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Category: Movies (1-10 of 103)

Idina Menzel: 2014 was the year that I couldn't let it go

This spring, Tony winner Idina Menzel returned to the Broadway stage for the first time in nearly 10 years as the star of If/Then, a thoughtful musical about a woman starting over at the age of 40. It was a fitting role, given Menzel’s other marquee performance—a leading role in Disney’s Frozen, which quickly transformed her from beloved theater star to worldwide sensation. Here, Adele—er, Idina—talks her biggest career year yet.

I knew I had this movie coming out, and I was proud to be in it—any time you’re in a Disney movie, you’re stoked. And I was really happy I had this cool song. I knew Elsa was going to surprise people. But I didn’t know it would resonate so deeply and stir up so many young people to take ownership of the song. It’s a nice marriage of social media with a zeitgeist moment. Every day I receive a video from a friend of their daughter singing “Let It Go” in the backyard.

When I first heard it, they sent me a demo—[co-songwriter] Kristin Lopez sang it—and I thought, “Oh, shit, this is going to be hard to sing.” And I changed the key; I made it higher because I thought it would sound younger. READ FULL STORY

You can download the 'Guardians of the Galaxy' soundtrack for free today

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From Peter Quill’s cave-spanning routine backed by “Come and Get Your Love” to the film’s special final dance set to “I Want You Back,” Guardians of the Galaxy would not be the same movie without the soundtrack. And right now, the whole thing’s up for grabs for free for those in the United States.

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Trent Reznor on the 'Gone Girl' music, working with David Fincher, and translating David Lynch

Gone Girl is celebrating its second straight week as the number one movie in the country, and one of the secrets of director David Fincher’s spell-casting is his partnership with Trent Reznor and Atticus Ross, who have provided the scores to Fincher’s last three films.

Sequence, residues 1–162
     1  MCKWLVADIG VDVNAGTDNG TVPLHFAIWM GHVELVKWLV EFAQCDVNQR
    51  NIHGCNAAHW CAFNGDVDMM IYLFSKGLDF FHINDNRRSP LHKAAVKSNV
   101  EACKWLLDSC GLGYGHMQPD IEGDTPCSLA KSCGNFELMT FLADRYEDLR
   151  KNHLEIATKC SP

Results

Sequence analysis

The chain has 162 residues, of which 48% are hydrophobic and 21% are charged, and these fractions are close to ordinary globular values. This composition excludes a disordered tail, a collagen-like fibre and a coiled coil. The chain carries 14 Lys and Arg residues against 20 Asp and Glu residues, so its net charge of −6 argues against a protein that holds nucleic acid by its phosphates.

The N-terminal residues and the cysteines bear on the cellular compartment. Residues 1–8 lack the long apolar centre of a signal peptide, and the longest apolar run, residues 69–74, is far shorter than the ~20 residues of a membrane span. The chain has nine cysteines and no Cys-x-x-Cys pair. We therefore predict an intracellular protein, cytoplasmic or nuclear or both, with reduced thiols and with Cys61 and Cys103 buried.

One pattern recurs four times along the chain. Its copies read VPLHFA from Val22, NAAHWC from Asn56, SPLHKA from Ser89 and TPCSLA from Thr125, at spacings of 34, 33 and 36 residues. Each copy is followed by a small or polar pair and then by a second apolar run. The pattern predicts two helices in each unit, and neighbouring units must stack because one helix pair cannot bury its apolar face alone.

Reznor and Ross, whose day job as Nine Inch Nails has given them plenty of practice creating creepy soundscapes, have a somewhat unusual way of working: Instead of writing music specifically to finished scenes, they read the script and take input from Fincher about tone, and then craft a series of thematic pieces that are then inserted into the action.

“It’s like dressing a set,” Reznor says. “What feels like it belongs in that space? What feels like Missouri? What feels like erosion of this relationship? What feels like a real ugly thing hidden beneath the surface, with a nice paint job on the outside? It might feel pretty, but it’s spoiled under the surface.” READ FULL STORY

Andre Benjamin on Jimi Hendrix, OutKast, and what's next

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The André Benjamin drought is over. After a long break from the spotlight, the man also known as Andre 3000 not only launched a headline-making reunion tour with his formative rap duo this ­summer but also stars in the excellent Hendrix biopic Jimi: All Is by My Side, written and directed by Oscar-winning 12 Years a Slave screenwriter John Ridley. Thoughtful and forthcoming, Benjamin, 39, spoke via phone from his home in Atlanta about the evolution of Jimi and what takes to be true to the parts he plays both on stage and off.

EW: You’ve been trying to play Jimi Hendrix for a while. What drew you into this script?
André Benjamin: The take that John Ridley devised. I’ve been kind of close to or attached to a few different Hendrix projects over the years. 15 years ago, I started hearing the Hendrix calls from different directors and producers. I’ve read about four or five different scripts—great scripts, at that—but for some reason or another they just didn’t get made. When John Ridley came with this take, years later I’m like, “Wow, I’m pretty old at this point, but if you still feel like it can work…” And John was really, really into it. The first thing he said was, “I’m going to make this movie, and I want you to be in it.” I was just going off of John’s energy. READ FULL STORY

Nick Cave talks to EW about his new movie '20,000 Days on Earth' and why he doesn't like meeting his heroes

Over the course of a nearly four-decade music career, Nick Cave has been one of music’s most reliably inscrutable rock stars. The forthcoming documentary 20,000 Days on Earth (in theaters September 19) does a bit to shed some light on Cave’s dark spirit, but it does it with a twist.